·      No spacing is allowed
·      It must not  begin with a number
·      Period is not permitted
Valid Name                                                Invalid Name
My_Car                                                       My.Car 
ThisYear                                                      1NewBoy
Long_Name_Can_beUSE                          He&HisFather                  *& is not acceptable
Declaring Variables
In Visual Basic, one needs to declare the zvariables before using them by assigning names and data types. They are normally declared in the general section of the codes' windows using the Dim statement.
The format  is as follows:

Dim variableName as DataType

Example:
Dim password As String
Dim yourName As String
Dim firstnum As Integer
Dim secondnum As Integer
Dim total As Integer
Dim doDate As Date

You may also combine them in one line , separating each variable with a comma, as follows:
Dim password As String,  yourName As String, firstnum As Integer,.............

If data type is not specified, VB will automatically declare the variable as a Variant.
For string declaration, there are two possible formats, one for the variable-length string and another for the fixed-length string. For the variable-length string, just use the same format as above. However, for the fixed-length string, you have to use the format as shown below:

Dim VariableName as String * n, where n defines the number of characters the string can hold.
Example:
Dim yourName as String * 10
yourName can holds no more than 10 Characters.  

Assigning Values to Variables

After declaring various variables using the Dim statements, we can assign values to those variables. The general format of an assignment is
Variable=Expression

The variable can be a declared variable or a control property value. The expression could be a mathematical expression, a number, a string, a Boolean value (true or false) and etc. The following are some examples:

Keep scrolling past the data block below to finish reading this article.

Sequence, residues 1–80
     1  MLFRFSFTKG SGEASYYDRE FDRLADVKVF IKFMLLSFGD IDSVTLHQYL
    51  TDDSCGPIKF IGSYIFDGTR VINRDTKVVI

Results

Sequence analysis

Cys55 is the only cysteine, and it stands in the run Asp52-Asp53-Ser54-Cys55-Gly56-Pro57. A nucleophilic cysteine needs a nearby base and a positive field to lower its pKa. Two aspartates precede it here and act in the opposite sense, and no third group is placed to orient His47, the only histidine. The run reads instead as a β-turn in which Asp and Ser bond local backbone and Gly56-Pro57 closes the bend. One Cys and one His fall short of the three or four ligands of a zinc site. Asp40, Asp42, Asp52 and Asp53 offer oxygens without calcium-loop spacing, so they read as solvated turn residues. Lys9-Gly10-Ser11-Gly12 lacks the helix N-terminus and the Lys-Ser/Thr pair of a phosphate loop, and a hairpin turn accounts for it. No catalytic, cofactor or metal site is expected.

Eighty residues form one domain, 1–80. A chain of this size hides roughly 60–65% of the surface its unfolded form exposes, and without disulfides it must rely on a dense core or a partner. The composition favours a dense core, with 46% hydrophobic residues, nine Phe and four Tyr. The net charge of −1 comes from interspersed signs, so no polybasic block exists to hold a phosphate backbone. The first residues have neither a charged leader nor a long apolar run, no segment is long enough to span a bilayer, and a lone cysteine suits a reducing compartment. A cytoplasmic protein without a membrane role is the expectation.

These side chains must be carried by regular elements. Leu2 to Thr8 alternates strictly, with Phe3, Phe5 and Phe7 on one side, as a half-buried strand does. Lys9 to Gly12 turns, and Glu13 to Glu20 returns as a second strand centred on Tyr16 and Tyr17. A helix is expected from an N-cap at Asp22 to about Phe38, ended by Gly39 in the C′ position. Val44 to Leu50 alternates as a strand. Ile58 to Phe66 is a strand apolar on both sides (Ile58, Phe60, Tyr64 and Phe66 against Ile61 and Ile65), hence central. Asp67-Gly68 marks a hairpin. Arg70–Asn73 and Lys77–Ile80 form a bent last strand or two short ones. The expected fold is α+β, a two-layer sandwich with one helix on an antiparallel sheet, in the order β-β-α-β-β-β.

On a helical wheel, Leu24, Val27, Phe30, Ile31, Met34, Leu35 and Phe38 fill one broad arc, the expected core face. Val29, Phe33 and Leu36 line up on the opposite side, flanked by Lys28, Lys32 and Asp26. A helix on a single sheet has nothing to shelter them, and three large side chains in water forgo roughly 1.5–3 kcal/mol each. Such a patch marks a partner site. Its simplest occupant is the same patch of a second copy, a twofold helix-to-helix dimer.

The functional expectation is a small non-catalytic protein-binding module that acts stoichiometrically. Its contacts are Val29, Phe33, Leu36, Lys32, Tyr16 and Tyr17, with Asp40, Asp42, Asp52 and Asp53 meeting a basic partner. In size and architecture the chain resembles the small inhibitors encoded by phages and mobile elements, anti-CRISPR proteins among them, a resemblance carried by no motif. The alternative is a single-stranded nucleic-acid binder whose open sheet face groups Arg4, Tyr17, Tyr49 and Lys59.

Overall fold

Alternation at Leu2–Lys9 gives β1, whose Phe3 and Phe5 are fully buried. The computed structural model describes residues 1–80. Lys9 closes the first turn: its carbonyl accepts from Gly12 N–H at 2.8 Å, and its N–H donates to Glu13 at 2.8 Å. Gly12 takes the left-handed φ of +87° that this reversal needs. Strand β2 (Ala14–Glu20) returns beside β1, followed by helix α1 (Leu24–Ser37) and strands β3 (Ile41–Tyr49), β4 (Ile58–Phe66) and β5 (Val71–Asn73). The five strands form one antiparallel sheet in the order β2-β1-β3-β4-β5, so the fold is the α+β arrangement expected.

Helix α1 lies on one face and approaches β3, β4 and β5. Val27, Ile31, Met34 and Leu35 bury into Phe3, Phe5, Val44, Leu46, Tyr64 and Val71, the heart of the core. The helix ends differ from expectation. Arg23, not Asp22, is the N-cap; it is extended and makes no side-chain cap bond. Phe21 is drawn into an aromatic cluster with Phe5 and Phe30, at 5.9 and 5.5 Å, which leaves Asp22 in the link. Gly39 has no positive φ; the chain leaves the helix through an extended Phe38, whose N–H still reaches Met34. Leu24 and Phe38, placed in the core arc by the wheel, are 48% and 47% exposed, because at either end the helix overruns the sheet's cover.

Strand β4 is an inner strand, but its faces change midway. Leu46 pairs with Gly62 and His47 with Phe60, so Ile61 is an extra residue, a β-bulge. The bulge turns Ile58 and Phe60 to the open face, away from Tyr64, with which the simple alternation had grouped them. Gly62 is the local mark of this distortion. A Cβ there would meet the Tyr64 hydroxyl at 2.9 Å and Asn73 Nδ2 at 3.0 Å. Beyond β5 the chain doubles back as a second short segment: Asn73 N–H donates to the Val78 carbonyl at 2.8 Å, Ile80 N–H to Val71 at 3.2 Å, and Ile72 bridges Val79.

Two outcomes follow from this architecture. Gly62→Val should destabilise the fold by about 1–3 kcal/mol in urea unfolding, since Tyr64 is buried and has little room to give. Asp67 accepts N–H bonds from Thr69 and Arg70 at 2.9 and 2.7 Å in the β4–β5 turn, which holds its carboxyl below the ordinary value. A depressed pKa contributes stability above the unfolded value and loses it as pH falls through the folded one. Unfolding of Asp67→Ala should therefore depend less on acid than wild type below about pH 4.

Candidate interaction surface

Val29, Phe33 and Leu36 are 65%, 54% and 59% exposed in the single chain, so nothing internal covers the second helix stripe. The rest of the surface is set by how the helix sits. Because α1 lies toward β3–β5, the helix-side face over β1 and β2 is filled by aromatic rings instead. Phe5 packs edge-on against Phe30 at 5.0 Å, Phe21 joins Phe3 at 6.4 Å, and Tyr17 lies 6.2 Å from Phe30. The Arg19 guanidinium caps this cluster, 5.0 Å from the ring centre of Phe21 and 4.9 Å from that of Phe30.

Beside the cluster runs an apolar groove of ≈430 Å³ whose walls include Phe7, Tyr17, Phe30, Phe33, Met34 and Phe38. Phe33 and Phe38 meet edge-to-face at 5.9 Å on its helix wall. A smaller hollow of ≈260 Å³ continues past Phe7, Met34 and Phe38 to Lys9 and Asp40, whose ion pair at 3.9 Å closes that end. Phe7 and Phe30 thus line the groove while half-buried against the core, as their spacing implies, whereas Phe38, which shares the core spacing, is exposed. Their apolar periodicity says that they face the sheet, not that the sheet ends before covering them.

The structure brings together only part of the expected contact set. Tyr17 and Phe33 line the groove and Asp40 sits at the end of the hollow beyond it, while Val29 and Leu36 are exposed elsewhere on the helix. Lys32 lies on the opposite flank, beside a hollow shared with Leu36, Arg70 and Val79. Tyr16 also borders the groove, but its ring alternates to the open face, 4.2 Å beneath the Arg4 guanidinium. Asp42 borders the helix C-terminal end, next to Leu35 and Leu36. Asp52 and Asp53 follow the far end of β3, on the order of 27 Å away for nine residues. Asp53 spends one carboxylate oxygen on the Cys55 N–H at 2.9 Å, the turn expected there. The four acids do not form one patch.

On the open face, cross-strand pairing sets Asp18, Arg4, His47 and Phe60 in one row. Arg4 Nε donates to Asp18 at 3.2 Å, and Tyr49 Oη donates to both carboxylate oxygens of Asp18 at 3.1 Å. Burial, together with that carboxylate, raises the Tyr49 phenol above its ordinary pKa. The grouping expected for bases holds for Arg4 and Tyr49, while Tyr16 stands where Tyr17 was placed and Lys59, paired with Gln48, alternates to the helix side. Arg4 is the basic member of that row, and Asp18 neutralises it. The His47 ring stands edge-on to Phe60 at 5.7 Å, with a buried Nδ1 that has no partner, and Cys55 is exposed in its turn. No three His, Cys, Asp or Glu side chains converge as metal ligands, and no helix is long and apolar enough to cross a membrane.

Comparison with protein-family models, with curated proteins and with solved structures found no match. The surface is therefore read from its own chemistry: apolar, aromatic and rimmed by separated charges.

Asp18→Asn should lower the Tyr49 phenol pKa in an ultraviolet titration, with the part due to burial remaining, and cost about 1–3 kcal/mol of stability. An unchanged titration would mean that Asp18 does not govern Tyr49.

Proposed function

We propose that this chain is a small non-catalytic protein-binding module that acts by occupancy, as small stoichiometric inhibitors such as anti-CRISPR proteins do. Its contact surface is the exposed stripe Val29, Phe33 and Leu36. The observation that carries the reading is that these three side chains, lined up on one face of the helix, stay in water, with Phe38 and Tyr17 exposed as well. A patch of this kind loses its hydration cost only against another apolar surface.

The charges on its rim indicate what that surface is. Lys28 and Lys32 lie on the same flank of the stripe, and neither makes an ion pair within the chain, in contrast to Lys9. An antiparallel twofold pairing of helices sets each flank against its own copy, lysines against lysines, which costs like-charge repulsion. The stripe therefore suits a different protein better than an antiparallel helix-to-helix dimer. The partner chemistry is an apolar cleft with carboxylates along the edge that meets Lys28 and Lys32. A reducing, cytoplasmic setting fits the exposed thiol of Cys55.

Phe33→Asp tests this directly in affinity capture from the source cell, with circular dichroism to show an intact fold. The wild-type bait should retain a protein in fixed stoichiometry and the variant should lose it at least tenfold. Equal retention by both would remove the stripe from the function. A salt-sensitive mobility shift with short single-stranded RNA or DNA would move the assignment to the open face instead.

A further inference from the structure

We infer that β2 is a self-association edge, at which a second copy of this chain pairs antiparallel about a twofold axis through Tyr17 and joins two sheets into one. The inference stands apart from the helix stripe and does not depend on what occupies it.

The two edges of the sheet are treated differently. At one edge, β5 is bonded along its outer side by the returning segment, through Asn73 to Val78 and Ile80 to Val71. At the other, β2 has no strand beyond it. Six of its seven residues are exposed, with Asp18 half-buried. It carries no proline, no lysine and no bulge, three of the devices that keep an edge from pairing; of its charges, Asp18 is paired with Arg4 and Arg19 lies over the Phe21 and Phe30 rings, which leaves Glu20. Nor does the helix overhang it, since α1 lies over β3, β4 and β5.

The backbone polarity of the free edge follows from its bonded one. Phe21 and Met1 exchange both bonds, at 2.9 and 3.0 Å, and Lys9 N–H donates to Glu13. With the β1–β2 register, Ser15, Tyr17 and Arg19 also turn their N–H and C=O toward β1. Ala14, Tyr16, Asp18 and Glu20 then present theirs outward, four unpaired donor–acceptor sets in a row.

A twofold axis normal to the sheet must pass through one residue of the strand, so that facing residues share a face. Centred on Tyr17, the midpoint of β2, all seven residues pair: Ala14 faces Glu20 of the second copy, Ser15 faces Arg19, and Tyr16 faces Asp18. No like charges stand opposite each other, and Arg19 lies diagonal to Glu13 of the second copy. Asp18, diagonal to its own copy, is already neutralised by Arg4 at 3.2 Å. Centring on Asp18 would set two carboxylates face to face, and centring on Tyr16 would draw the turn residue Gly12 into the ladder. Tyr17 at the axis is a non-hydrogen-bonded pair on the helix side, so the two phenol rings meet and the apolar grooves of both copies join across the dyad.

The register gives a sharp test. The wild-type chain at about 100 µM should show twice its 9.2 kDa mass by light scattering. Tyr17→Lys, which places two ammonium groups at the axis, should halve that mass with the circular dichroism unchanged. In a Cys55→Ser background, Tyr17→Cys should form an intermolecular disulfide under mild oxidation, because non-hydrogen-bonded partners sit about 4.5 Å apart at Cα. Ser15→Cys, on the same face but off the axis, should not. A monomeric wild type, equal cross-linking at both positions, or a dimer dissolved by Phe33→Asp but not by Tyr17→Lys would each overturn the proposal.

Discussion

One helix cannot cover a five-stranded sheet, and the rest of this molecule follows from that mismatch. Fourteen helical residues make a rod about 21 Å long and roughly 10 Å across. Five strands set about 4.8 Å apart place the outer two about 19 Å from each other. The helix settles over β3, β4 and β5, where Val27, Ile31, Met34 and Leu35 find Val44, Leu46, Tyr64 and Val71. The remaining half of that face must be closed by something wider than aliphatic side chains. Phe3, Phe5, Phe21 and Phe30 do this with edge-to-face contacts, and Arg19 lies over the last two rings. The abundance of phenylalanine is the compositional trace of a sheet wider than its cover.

firstNumber=100
secondNumber=firstNumber-99
userName="John Lyan"
userpass.Text = password
Label1.Visible = True
Command1.Visible = false
Label4.Caption = textbox1.Text
ThirdNumber = Val(usernum1.Text)
total = firstNumber + secondNumber+ThirdNumber  

Suffixes for Literals
Literals are values that you assign to a data. In some cases, we need to add a suffix behind a literal so that VB can handle the calculation more accurately. For example, we can use num=1.3089# for a Double type data. Some of the suffixes are displayed below
                        Suffix  Data Type                                          Data Types
                                    &                                                         Long
                                    !                                                           Single
                                    #                                                          Double
                                    @                                                        Currency
In addition, we need to enclose string literals within two quotations and date and time literals within two # sign. Strings can contain any characters, including numbers. The following are few examples:
memberName="Turban, John."
TelNumber="1800-900-888-777"
LastDay=#31-Dec-00#
ExpTime=#12:00 am#


Library Functions

Visual Basic contains numerous library functions that provide a quick and easy way to carry out many mathematical operations, manipulate strings, and perform various logical operations.
Function                                 Application                            Purpose
Abs                                          y=Abs(x)                                 return the absolute value of x
CDbl,Cint,Csng                      y=CInt(x)                                convert x to appropriate data
type
Chr                                          y=Chr(x)                                 return the numerical value of
x
Cos                                          y=Cos(x)                                 return the cosine of x
Date                                        y=Date                                                return the current system
date
Exp                                          y=Exp(x)                                 return the value of e to the x
power
Format                                     y=Format(x,”frmt str”)           return the value of x in a
format
Lcase                                       y=Lcase(x)                              return the lowercase
equivalent of x
Len                                          y=Len(x)                                 return the length of x
Log                                          y=Log(x)                                 return the log of x
mid                                          y=Mid(x,n1,n2)                       return the middle n2 chars of